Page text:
The protagonist of The Line of Beauty, Nick Guest, is aptly named: he reminds us of Nick Carraway, the middle-class observer of Gatsby's high life; and he is a guest, at the home of a Member of Parliament. He is also a gay man in the 80s, anxiously pursuing sex for the first time in the years just before AIDS rears its ugly head.
Nick has been invited to the conservative MP's home ostensibly as a friend of their son's, but his secret mission is to keep an eye on their mentally unbalanced daughter. Our protagonist pursues beauty and romance, while the straight and respected around him have affairs and hide mental illness. The hypocrisy is glaring, as well as a setup for heartbreak: the lower class but well-educated loyal dependent comes to think he is part of the family; sadly, blood and money turn out to be much thicker than water. The novel explores gay love and lust, Thatcherism, and social prejudice in England.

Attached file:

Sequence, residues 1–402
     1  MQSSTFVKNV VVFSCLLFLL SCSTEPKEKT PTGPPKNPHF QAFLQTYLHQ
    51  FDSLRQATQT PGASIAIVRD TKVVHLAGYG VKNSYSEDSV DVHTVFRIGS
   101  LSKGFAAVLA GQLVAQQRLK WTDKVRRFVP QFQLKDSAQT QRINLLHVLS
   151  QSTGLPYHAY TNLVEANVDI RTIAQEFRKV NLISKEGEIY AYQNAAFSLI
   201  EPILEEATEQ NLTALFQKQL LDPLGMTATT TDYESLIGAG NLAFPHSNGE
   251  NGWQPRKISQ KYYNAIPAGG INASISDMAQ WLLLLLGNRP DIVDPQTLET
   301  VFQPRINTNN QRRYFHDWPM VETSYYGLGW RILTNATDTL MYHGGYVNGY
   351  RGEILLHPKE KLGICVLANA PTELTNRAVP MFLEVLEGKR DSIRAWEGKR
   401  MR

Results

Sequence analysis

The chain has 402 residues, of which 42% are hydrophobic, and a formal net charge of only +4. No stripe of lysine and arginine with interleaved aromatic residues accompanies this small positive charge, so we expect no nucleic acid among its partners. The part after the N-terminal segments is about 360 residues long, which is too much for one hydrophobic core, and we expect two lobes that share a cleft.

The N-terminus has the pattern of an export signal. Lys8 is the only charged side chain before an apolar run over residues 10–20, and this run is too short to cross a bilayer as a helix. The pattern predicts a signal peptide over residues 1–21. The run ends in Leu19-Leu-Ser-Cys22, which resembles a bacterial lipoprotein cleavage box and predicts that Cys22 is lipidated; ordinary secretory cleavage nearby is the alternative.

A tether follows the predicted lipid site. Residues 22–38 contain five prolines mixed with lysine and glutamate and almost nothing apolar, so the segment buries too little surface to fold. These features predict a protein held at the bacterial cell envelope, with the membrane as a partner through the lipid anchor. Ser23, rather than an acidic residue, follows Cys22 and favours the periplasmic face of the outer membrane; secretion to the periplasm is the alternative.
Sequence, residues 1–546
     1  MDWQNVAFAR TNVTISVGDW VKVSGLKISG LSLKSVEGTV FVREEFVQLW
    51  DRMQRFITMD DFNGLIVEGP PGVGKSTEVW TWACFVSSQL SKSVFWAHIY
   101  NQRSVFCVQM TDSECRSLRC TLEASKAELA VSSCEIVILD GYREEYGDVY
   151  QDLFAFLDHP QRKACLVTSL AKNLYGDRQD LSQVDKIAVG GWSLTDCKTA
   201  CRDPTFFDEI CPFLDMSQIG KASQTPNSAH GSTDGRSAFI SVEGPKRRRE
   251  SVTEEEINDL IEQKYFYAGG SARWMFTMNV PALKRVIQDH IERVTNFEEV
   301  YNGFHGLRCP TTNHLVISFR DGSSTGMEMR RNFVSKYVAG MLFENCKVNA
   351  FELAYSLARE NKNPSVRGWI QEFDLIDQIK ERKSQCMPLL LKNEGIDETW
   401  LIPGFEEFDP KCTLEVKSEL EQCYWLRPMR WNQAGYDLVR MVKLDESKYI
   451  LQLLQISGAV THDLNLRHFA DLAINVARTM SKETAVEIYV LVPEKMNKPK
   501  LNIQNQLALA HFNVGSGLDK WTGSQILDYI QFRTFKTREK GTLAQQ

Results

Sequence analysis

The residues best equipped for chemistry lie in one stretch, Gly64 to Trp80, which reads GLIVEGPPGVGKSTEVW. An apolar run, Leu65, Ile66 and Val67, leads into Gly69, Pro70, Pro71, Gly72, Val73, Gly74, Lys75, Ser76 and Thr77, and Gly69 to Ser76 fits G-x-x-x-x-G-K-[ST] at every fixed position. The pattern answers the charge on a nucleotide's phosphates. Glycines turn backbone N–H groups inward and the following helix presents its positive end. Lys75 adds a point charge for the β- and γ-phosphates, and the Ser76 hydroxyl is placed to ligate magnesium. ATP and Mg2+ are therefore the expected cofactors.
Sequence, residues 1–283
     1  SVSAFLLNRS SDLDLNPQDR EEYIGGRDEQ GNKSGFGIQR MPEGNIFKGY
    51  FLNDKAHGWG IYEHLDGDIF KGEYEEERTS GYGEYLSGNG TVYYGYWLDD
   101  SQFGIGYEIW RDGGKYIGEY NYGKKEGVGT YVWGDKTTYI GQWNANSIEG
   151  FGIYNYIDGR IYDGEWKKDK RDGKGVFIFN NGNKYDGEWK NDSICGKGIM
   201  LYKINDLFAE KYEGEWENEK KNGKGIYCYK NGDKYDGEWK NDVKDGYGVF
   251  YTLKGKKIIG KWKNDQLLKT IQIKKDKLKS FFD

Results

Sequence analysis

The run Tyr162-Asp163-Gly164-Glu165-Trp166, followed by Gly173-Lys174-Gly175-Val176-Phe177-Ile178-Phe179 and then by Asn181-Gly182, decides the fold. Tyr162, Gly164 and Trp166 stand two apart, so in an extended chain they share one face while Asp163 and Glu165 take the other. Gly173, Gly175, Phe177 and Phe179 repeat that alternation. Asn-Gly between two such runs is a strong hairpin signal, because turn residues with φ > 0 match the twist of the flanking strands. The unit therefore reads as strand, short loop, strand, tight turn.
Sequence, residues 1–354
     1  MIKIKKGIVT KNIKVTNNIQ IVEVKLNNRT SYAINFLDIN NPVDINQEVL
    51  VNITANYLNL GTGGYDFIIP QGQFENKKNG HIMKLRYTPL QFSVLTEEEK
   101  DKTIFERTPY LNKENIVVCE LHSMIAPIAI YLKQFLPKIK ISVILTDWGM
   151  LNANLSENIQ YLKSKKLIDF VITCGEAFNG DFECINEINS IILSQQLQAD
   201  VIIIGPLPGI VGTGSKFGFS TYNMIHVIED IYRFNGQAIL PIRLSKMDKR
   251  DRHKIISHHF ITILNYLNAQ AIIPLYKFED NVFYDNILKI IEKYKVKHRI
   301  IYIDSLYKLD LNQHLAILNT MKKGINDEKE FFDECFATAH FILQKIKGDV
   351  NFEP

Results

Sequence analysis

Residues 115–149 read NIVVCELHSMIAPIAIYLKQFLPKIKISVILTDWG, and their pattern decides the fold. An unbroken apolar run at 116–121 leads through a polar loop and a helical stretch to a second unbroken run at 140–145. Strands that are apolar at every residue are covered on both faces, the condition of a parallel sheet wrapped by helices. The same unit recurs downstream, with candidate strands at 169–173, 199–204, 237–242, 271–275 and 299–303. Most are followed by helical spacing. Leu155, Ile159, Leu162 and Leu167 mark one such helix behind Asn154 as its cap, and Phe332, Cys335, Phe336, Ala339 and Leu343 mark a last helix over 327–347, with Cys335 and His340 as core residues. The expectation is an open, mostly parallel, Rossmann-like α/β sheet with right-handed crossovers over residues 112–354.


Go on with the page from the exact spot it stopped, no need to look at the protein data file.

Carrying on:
Hollinghurst's writing is beautiful, including the graphic sex scenes. I was reminded of the understated sophistication of Claire Messud's The Emperor's Children.
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